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Predictable Execution on GPU Caches

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Increased computational requirements of embedded software, in real-time domains such as automotive and avionics, demand an increasing amount of performance, that can not be offered from traditional single-core systems used within these fields. While more powerful platforms, have long been available on the consumer market, their adoption into safety critical fields has been slow, due to the rigorous safety certification requirements. Such platforms include multi-core CPU processors and heterogeneous CPU + accelerator system-on-chips (SoCs). Enabling the use of heterogeneous platforms in safety-critical systems does not only offer a major increase in performance, but also promises an increase in energy efficiency due to the use of more efficient accelerators. However, characteristic for these platforms that the operation of one core may interfere with an other due to the sharing of hardware resources. Therefore, one of the most important factors for certification is to provide guarantees on freedom from interference within the system, enabling strict guarantees on the completion of real-time tasks before the set deadlines.

Within the HERCULES project, IIS is collaborating with research groups and companies around Europe to create a software framework for timing predictable execution on commercial off-the-shelf (COTS) heterogeneous platforms. This framework implements the PRedictable Execution Model (PREM) on the NVIDIA platform, and consists of a PREM-enabling compiler, a memory schedule aware hypervisor, soft and hard real-time operating systems (Linux, Erika), and low-level mechanisms to enforce the freedom from interference property. The work at IIS is primarily focused around the CPU/GPU compiler, as well as mechanisms for enforcing memory operations on the GPU side.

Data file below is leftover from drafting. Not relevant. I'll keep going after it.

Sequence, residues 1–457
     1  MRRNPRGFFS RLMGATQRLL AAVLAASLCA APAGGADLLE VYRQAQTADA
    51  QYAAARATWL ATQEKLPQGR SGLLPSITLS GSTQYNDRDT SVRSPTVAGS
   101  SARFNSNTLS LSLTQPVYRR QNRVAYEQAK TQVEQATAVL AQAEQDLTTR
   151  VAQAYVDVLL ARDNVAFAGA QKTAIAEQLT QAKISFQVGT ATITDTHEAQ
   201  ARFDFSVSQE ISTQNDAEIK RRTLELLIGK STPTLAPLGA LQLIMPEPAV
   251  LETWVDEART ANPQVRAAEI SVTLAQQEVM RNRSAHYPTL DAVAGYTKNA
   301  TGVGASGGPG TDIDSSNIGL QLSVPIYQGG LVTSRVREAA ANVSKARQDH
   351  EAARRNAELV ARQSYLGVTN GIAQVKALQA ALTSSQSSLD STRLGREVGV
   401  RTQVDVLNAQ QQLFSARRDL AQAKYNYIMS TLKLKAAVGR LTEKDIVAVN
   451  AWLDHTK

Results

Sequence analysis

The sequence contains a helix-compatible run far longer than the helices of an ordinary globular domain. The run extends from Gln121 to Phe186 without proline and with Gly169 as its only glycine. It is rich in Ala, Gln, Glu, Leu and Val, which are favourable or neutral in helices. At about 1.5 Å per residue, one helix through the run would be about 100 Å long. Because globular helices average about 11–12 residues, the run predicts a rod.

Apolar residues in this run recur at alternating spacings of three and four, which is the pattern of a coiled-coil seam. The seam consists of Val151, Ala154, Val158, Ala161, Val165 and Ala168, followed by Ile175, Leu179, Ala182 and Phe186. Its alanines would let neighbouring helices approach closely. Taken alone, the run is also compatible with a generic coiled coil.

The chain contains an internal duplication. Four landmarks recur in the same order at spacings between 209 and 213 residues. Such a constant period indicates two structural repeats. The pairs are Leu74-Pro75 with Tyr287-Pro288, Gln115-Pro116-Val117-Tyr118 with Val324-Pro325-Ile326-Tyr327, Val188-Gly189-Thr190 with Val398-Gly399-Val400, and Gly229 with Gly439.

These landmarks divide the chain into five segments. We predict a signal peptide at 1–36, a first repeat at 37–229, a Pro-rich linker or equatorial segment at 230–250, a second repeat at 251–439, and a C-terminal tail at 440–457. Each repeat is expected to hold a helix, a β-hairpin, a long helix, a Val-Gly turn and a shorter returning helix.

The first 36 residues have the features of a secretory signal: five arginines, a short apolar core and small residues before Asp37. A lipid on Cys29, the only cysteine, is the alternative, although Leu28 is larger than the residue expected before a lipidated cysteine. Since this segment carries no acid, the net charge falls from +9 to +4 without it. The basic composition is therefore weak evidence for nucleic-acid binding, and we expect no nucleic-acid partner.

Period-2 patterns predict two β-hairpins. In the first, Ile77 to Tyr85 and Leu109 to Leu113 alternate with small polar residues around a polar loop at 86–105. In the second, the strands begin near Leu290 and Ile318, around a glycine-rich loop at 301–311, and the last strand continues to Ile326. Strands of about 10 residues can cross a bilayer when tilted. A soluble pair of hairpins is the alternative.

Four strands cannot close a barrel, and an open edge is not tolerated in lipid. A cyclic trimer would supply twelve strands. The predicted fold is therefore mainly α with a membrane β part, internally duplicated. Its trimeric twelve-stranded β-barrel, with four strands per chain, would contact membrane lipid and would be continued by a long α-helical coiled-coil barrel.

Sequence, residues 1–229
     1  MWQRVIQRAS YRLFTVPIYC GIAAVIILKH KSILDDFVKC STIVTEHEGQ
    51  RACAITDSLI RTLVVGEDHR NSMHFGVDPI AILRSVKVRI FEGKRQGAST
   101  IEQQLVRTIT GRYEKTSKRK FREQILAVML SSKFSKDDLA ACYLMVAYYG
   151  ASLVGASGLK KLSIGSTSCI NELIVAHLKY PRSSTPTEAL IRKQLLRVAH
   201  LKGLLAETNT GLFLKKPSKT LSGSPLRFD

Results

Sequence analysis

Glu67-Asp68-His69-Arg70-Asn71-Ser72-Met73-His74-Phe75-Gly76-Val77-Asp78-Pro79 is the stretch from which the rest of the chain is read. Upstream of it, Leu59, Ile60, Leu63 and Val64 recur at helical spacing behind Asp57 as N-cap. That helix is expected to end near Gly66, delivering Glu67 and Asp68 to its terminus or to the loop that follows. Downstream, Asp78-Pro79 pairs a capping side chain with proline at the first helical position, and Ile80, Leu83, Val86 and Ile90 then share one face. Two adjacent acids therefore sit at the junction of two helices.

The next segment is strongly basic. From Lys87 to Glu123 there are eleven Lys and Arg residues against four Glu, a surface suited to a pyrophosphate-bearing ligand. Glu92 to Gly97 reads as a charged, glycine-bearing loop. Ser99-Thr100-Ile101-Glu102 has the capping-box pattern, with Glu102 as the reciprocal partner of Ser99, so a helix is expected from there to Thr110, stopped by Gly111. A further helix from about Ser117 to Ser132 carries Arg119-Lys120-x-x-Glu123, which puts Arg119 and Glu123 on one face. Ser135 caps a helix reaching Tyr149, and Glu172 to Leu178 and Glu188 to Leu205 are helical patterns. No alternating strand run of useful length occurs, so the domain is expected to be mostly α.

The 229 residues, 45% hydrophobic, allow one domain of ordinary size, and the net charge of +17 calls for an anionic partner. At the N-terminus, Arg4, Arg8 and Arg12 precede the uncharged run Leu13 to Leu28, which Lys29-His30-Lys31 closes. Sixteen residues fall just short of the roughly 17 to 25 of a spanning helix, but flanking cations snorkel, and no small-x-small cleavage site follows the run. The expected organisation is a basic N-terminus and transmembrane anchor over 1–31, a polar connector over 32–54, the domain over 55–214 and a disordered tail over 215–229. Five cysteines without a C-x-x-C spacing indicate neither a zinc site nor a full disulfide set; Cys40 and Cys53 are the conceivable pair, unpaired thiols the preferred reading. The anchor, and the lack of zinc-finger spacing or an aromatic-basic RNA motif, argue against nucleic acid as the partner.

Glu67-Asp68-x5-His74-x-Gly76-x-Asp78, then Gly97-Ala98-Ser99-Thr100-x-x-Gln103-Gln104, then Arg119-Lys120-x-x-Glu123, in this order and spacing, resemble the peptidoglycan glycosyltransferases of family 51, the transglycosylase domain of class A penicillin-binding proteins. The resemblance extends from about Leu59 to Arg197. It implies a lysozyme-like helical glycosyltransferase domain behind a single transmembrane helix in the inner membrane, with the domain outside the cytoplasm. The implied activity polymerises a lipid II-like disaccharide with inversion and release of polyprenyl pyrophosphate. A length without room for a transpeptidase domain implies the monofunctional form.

The fundaments of the PRedictable Execution Model (PREM) is the separation of memory and compute operations within programs, such that memory operations can be independently scheduled to provide freedom from interference -- i.e., only a single core is able to use the memory system at one point in time. To avoid stalling the program when the system is not permitting memory accesses from the program in question, the memory phase is tasked with copying all data needed for computation into core-local private memories, such that the compute operations can be executed independently.

The current PREM-enabling GPU compiler is based upon the use of the GPU scratchpad memory (CUDA shared memory), as this memory is software managed and does not suffer from unpredictable cache replacement policies, and thus data can be guaranteed to be available during the full PREM Compute phase. However, evaluation has shown that the limited size of the scratchpad memory becomes a significant bottleneck in the effectiveness of the approach, due to frequent reloading of data. However, this limitation can be lifted by using the 5x larger last level cache instead of the scratchpad memory.

The goal of this project is to shed light on the positive and negative effects of using hardware managed caches with unpredictable replacement policies in place of a software managed cache, and evaluate this from a performance and predictability, i.e., freedom from interference, perspective.

Status: Completed

Looking for 1 Interested Master Student (Semester/Master Project)
Supervision: Bjoern Forsberg


The exact contents of this project need to be discussed in detail with interested students to account for their special interests, and to ensure convergence with the short and long term goals of the HERCULES project.


Knowledge on Memory Hierarchies
Knowledge on GPU programming (CUDA)
Interest in compiler techniques
Interest in real-time systems (this project does not cover real-time schedulability analysis)

The course Energy-Efficient Parallel Computing Systems for Data Analytics provides a good fundament for the first three points on the list. Experience from Compiler Design and Embedded Systems is meriting.


Luca Benini

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